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Discussion Starter · #1 ·
As a DPD sufferer since the year 2003, I am in my early 30's and unable to attain a meaningful interaction of any nature with others. I can only predict that the future holds more of this infinite lonesomeness for me. It cannot be denied that I may forever live my life unwillingly as a lone wolf. Are there other long-term DPD sufferers who are able to identify? As much as it may sadden me to learn of others feeling as I do, I am in dire need of a hint of consolation.
 

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I can relate! I've been like this since 2003 as well, and am in my mid 30's. Since the start it felt that I lost my connection to friendships. While I didn't necessarily lose friends, it certainly felt that way, (and familial connections). Lately I've been losing friends though and it's just ridiculous circumstances but it doesn't even effect me because I feel that I already lost everyone in 2003, including losing myself of course. I've made a few really great friends through the DP/DR community though.
 

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Discussion Starter · #3 ·
Thanks for writing. Over the years, I have certainly and predictably come across accounts of loneliness and estrangement, but never among long-term DPD sufferers. I could imagine they are out there, just like myself, only too indifferent and fed up to bother delving into it online, as I am for the most part. Of course, this loneliness is all-encompassing: I have never experienced a romantic relationship. It is simply unfathomable.

As you said, yes, there were times when I was not physically alone, but I was alone in essence regardless of my physical surroundings. When it all began, my few friends kept being there, god knows why, while no one noticed that I was long gone. Eventually, we parted ways. Later on, still god knows why, other people insisted on interacting with me, and I cooperated to an extent, because I could not explain that I am indifferent and derive no joy of this. It was all completely robotic on my side, and I was completely indifferent when we parted ways. I am physically alone again at the moment, which may change in the future, but as time moves on, these opportunities for forced interactions diminish.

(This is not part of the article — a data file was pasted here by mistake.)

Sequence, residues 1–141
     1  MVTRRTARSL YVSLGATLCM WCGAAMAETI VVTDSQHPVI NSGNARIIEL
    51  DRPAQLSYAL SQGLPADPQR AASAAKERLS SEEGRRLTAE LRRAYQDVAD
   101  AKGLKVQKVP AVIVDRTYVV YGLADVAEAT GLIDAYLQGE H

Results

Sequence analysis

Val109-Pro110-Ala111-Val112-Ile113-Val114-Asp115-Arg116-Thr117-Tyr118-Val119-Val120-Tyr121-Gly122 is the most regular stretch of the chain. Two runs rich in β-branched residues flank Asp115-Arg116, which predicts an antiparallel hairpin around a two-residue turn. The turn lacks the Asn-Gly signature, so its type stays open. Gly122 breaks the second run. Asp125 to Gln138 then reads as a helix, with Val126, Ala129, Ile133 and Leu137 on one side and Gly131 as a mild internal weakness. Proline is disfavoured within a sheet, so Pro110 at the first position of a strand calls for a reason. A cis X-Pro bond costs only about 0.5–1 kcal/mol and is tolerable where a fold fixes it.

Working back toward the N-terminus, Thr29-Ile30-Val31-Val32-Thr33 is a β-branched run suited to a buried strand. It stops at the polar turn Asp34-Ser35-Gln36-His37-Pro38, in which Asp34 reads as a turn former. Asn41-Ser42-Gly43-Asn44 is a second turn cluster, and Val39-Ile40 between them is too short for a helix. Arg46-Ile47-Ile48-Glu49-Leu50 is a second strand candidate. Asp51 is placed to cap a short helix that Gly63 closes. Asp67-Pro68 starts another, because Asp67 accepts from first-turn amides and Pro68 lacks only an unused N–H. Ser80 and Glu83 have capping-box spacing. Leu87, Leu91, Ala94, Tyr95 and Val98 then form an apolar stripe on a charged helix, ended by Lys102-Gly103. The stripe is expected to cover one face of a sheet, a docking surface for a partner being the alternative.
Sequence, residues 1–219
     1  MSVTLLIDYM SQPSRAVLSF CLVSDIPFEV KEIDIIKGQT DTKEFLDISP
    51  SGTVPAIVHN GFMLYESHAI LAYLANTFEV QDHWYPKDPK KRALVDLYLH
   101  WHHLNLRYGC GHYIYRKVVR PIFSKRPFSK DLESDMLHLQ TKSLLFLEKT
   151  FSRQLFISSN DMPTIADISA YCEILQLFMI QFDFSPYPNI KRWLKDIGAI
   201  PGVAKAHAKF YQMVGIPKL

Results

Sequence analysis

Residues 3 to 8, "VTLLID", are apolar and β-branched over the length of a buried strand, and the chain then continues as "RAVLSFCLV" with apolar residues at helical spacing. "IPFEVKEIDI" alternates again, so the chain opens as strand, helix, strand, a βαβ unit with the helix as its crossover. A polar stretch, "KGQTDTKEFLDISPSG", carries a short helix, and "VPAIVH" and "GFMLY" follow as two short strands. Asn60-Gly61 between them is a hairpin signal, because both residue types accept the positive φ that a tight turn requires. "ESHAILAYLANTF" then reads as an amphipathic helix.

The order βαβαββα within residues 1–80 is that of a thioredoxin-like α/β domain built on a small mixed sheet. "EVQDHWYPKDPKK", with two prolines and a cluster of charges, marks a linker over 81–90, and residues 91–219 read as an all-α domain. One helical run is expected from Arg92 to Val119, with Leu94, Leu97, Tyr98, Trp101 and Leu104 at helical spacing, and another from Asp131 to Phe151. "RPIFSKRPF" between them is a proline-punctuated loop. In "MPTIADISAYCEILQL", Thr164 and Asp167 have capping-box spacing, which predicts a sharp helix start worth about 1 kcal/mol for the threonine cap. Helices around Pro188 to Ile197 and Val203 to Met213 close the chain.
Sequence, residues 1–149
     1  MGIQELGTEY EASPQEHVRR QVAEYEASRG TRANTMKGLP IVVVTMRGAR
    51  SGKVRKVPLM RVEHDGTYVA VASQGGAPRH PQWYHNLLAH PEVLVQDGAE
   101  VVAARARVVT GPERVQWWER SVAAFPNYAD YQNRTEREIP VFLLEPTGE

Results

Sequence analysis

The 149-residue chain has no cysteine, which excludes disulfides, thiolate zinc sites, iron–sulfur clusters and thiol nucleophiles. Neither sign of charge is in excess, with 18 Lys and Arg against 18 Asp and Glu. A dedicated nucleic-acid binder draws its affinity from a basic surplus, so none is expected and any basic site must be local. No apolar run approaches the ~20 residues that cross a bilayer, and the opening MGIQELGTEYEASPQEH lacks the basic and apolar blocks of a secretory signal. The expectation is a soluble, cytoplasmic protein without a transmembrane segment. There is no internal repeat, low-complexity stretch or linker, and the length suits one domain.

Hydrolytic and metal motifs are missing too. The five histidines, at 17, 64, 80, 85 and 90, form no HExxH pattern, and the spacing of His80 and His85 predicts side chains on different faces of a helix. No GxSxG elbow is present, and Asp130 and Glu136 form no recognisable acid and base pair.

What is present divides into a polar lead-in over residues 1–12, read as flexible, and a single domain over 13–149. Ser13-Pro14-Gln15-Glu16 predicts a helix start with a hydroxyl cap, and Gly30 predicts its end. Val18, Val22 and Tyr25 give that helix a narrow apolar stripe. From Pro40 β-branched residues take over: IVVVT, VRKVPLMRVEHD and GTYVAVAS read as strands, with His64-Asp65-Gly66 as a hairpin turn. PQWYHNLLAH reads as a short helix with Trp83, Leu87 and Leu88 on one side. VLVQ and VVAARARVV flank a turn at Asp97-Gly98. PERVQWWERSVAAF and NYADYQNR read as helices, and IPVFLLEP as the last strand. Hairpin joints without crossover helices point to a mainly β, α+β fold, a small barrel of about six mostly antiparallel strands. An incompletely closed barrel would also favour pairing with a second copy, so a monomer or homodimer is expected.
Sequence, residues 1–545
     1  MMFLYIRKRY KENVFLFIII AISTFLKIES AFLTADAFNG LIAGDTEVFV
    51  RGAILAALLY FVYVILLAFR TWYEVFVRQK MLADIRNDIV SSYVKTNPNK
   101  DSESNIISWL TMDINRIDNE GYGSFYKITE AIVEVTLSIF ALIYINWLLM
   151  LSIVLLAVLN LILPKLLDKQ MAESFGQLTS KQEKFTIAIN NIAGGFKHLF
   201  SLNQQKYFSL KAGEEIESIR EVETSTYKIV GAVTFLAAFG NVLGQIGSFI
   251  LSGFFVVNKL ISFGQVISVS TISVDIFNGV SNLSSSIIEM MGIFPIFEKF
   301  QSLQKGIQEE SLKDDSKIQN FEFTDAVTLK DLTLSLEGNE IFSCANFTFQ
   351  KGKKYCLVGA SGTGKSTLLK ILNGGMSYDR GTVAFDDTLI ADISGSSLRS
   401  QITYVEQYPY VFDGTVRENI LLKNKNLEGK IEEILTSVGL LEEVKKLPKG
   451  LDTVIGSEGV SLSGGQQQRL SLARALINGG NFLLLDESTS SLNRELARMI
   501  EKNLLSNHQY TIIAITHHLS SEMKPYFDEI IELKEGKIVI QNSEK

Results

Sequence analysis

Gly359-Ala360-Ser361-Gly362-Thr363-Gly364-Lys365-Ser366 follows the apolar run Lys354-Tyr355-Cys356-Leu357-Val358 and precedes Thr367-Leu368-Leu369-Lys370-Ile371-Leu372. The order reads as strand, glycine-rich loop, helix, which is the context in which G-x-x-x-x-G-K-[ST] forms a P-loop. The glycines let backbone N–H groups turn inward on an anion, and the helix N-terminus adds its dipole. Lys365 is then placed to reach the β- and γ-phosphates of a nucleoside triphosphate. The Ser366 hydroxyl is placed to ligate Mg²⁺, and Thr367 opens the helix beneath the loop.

So, what do you do when you flew the moon and back to try and recover from this hell and nothing changes? How can you digest the life you have lost? Honestly, I am sad and jealous of the others. I am a big music lover, and I keep watching my favorite musicians in action and just want to rip my hair out. So jealous.
 

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One thing I've found to hold to truth is that the fact that we experience and are bothered by the immense loneliness, that proves that we are in fact social beings and crave and dare I say NEED interaction to have any kind of quality of life.

I've also experienced the jealousy, and still do, especially when viewing social media like facebook. I actually deactivated mine recently and I gotta say that has helped however I'm left with a void of what to do with my time.

New people seem to make efforts to socialize with me but it's like I'm socially autistic especially when it comes to romance. I can hold up to small talk, and with DP naturally I can go deep with the right persons, but when it comes to flirtation and etc I visibly shut down.
 

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I started my journey in 1971. I knew the feelings of loneliness. Even relationships didn't bring me out of my loneliness.

I had a trauma at age 17 that changed my life. I developed a head tremor, I began to experience frequent blinding migraine

aura (which I did not know what they were), I had vestibular issues such as incessant popping and clicking in my ears.

About every 8 years after this trauma, I experienced a depressive episode that took

2 years out of my life. I suffered severe insomnia and weight loss of more than 15% of my body weight. I experienced every

horrid psychiatric symptom in the book, and no medical professional was able to explain my illness or alleviate my symptoms..